A video explainer on the 2001 Roshni Act enacted by Farooq Abdullah in Jammu and Kashmir
The Roshni Act was originally called the Jammu and Kashmir State Land (Vesting of Ownership Rights to the Occupants) Act, 2001.
It was enacted in 2001 during the National Conference regime led by Farooq Abdullah in the State.
As per the Act, the ownership rights of State land would be transferred to its occupants on the payment of a fee fixed by the government.
The year 1990 was set as the cut-off date for encroachment on state land.
The Roshni Act was an ambitious project to meet Jammu and Kashmir’s chronic power crisis.
It was the govts calculation that regularising 20 lakh kanals of State land under occupation of locals would help it raise ₹25,000 crore.
The proceeds received would be used to set up hydroelectricity projects in the State to generate extra power.
What were the subsequent amendments made to the Roshni Act?
Ghulam Nabi Azad also effected a number of amendments to the Act when he was Chief Minister. The amendments extended the cut-off date from 1990 to 2004, which was later extended till 2007.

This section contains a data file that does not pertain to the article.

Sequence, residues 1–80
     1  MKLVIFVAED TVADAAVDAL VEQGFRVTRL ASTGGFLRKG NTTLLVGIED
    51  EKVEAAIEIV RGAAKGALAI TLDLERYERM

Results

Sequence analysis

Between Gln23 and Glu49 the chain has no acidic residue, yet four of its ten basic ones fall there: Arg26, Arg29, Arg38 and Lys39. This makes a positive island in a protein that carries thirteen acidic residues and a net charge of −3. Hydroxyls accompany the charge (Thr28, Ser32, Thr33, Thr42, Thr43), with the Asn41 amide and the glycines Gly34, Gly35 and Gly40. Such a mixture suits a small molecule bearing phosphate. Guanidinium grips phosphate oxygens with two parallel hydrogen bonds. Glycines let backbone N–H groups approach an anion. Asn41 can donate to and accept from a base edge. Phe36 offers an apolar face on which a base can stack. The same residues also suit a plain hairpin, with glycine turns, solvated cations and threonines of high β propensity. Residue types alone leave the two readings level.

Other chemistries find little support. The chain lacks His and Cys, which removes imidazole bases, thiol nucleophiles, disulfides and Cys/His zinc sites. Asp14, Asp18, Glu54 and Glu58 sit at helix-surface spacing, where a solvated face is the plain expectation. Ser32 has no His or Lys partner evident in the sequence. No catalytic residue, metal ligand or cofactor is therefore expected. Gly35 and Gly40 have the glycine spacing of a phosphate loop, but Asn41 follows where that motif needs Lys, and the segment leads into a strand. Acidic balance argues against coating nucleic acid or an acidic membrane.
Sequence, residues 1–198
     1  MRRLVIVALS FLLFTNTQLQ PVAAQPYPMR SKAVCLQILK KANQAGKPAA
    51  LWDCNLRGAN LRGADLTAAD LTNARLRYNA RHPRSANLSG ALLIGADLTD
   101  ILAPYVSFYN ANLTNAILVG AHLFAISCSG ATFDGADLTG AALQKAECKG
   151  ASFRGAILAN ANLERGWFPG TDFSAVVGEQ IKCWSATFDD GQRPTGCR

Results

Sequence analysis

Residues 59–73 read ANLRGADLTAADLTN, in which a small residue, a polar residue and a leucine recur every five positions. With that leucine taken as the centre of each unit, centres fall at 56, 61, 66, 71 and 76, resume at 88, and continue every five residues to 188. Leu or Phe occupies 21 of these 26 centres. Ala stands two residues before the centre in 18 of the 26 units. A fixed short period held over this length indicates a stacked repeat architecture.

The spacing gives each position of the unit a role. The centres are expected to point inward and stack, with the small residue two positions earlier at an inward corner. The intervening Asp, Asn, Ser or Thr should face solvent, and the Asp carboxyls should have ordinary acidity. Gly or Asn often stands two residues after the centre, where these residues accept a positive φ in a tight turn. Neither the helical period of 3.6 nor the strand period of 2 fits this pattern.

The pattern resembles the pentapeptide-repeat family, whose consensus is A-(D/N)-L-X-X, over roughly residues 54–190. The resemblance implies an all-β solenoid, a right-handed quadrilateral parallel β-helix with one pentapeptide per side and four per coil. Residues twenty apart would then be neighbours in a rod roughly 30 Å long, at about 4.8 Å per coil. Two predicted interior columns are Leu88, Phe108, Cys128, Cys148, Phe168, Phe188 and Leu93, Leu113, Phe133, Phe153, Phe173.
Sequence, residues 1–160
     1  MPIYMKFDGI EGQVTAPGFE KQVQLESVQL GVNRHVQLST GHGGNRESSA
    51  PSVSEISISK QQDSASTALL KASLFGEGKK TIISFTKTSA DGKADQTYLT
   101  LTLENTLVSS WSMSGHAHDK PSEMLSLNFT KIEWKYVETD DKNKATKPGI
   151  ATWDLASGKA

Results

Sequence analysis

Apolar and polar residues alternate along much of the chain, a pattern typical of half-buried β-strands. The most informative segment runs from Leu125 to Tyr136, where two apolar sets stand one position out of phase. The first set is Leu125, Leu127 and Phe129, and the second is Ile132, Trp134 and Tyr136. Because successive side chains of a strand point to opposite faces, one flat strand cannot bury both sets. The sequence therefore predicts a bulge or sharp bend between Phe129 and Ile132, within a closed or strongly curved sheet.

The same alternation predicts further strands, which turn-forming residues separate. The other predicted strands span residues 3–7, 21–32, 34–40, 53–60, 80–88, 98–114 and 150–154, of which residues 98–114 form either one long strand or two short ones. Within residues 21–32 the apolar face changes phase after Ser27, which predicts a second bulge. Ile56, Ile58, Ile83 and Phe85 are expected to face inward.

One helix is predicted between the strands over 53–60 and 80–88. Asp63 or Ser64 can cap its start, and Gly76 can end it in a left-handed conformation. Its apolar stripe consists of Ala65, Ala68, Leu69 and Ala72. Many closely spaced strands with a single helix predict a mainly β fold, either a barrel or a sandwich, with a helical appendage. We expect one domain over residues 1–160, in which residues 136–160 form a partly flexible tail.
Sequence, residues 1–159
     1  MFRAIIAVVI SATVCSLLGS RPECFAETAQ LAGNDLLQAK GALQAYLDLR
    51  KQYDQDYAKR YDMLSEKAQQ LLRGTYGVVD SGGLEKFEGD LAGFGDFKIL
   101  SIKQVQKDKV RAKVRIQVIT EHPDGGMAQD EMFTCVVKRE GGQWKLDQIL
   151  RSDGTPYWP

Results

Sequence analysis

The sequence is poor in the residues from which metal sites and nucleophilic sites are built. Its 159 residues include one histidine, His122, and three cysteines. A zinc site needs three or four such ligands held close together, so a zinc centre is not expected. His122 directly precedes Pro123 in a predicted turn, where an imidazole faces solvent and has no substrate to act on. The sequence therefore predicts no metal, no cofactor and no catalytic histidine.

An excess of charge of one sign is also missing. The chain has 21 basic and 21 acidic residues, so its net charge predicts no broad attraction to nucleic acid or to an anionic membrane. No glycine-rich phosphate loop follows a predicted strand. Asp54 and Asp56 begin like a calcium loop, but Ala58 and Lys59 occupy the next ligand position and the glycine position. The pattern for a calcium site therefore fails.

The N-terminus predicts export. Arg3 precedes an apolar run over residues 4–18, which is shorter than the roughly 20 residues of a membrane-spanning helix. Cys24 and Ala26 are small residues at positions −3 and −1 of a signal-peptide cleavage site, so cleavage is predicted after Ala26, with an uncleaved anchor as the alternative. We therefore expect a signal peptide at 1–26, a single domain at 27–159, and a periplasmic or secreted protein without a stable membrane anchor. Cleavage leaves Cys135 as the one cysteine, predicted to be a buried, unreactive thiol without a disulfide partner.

According to the fresh amendments, further relaxation was granted to occupants on the market prices fixed earlier in 2001.
Why is a two decades-old law under the scanner?
The Comptroller and Auditor General tabled a report before the Jammu and Kashmir assembly in 2014 and pointed out irregularities in implementing the Act.
A public interest litigation was filed by a Jammu-based activist S.K. Bhalla in 2011, alleging that politicians, bureaucrats and revenue officers were hand in glove in committing fraud under the Act.
In 2018, then governor Satya Pal Malik repealed the Act, saying it failed to meet its objectives.
In October 2020, the Jammu and Kashmir High Court held the Roshni Act as ‘unconstitutional’.
The Jammu and Kashmir government had initially agreed to implement the High Court order. But it has now filed a review petition, saying “a large number of common people would suffer”.